Coconut Coir Potting Mix Recipe – Coir, Compost, Perlite or Vermiculite

[music] Hello friends In today’s video we will see How to create a very nice potting mix using coconut coir So this is how the coconut coir looks like I bought this coconut coir online at amazon You can look at the video description to get
the product link And this basically is a compressed brick of
coconut coir So that makes it easier to ship And you can just add some water to it to expand
the coconut coir And start using it as a potting mix So you need a wide container like this cart
that I am using I’m going to use some rain water That I had saved over from the rains in the
past week So what you need to do is basically Add the water to the coconut coir And let the brick absorb all the water And expand to almost like 10 times its volume [music] So once the coconut coir brick has taken in
all the water You can see how easily it breaks down into
this coconut fiber That you can use for your growing medium Now if you notice that some part of the brick
is still dry You can just keep the soft part aside And then just add some more water So that the rest of the brick breaks down Now why would you use coconut coir Why not something something like peat moss Which is being used for a while now Well the reason for using coconut coir over
peat moss is that Peat moss is a non renewable resource Which means that we’ve been mining peat moss For our use from nature And there’ll be one day when we might not
have enough peat moss available Coconut coir however is a by-product of the
coconut industry Its basically the left over husk of the coconut That is not really used for any other purpose So as more and more companies start manufacturing
coconut coir We should see that the price of the coconut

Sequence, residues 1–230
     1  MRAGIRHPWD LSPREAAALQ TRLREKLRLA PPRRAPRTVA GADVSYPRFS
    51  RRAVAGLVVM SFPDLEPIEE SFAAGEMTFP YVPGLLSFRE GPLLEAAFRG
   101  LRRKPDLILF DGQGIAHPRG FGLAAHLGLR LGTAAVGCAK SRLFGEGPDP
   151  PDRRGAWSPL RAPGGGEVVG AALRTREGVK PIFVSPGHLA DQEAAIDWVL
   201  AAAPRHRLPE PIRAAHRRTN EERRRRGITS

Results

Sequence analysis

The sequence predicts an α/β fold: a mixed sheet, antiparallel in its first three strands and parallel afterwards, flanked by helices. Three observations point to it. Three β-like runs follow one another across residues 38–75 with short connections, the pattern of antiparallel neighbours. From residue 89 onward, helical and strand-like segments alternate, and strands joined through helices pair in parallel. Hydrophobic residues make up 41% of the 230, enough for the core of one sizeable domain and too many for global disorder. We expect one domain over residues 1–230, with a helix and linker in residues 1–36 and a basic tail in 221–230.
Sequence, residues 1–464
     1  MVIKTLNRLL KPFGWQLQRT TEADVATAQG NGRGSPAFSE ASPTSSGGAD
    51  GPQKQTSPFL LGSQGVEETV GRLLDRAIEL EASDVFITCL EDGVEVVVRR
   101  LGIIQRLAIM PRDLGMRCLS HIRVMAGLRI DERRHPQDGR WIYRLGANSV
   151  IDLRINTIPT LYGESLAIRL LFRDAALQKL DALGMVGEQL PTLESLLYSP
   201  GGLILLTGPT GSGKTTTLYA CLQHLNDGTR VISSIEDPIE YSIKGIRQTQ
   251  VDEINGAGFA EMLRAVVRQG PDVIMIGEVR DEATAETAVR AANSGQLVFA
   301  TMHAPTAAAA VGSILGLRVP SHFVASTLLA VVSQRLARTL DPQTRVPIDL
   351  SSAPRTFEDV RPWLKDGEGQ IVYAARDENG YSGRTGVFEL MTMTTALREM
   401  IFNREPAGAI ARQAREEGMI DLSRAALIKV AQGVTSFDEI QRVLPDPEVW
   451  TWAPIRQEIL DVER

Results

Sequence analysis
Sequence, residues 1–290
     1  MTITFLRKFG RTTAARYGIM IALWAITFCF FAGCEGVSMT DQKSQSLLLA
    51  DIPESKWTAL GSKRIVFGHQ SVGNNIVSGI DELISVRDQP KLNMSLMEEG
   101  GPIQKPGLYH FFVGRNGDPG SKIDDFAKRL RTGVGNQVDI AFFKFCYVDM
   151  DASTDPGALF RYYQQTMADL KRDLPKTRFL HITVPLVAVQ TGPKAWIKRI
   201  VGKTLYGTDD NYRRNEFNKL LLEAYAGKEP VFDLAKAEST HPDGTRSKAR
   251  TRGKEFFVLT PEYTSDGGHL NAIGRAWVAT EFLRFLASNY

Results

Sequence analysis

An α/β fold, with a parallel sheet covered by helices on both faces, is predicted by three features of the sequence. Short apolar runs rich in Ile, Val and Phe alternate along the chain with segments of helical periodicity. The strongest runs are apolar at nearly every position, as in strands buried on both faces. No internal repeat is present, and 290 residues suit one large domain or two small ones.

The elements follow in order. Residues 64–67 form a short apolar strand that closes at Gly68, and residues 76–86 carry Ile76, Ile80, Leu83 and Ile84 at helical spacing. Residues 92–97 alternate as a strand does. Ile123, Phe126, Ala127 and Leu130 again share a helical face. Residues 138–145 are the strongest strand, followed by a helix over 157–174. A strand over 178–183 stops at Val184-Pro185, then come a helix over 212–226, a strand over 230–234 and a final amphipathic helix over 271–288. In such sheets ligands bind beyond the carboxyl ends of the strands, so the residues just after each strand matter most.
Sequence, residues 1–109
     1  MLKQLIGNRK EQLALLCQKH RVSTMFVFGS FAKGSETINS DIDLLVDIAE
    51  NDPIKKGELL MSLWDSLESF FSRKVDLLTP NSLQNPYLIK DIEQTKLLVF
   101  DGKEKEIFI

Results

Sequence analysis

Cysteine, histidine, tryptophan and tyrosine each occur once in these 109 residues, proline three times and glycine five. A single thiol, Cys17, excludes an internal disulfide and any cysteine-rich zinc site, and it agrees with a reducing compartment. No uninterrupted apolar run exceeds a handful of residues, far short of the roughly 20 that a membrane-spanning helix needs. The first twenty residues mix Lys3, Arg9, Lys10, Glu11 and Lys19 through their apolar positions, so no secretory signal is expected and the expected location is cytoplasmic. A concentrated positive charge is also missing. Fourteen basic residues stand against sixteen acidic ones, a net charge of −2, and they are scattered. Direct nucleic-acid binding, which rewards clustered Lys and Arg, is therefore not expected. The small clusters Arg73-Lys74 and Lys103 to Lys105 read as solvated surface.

coir growing medium should also start going down And its already not that expensive considering
that All this coconut coir that you are going to
see Costed me about 10 dollars So this little brick that you saw will expand
and yield Something like 3 or 4 cubic feet of growing
medium Which is pretty impressive So here you can see almost all the coconut
coir is ready The coconut brick has absorbed all the water And you can see that this whole garden cart
is now full of coconut coir That can be used as a growing medium Coconut coir itself does not contain a lot
of nutrients But it does contain some potassium Which will help your seedlings grow very well And that’s what makes coconut coir a great
seed starting mix as well So here you can see its all ready And what I do is once all the coconut coir
has expanded I store them in big bags So that I can use them easily in the future So for the potting mix recipe We have some compost This is some home made compost We have some Perlite which is basically a
light medium And the coconut coir that we just expanded
from the brick We will also be adding some rock dust to this
potting mix I am using Azomite here which is a volcanic
rockdust And what it basically does is adds some important
nutrients to this potting mix If you want you can add some All purpose fertilizer
to this potting mix as well I’m using a liquid fertilizer later on Which is why I haven’t added the fertilizer
to this mix But remember that the coconut coir potting
mix is A mix that doesn’t have any nutrients And when you plant your seedlings or your
plants in it You need to have some nourishment So either you use a well balanced fertilizer
– an organic fertilizer And add it to your potting mix Or you could use a slow release fertilizer
as granules in your potting mix If you plan to use liquid fertilizers like
seaweed or fish As I am planning to, you can leave that out If you do not have Perlite available, you
can substitute that with Vermiculite And both Perlite and Vermiculite can be ordered
on amazon As well as in some home improvement stores
around your area This was the potting mix that we created using
the coconut coir And I am planting some spinach seedlings That are now ready to be transplanted into
this potting mix And as I mentioned, I’ll be using a liquid
fertilizer for these plants So I hope you liked the video And I hope you liked this potting mix recipe If you have your own recipe, please do share
it with us And I’ll see you again soon Happy Gardening! [music]

19 thoughts on “Coconut Coir Potting Mix Recipe – Coir, Compost, Perlite or Vermiculite

  1. Make sure the coco coir is buffered before use as unbuffered coco will cause lockout of cal/mag and iron and in the same process will release potassium and sodium.A lot of those coir bricks are also loaded with salt and need to be leached before buffering .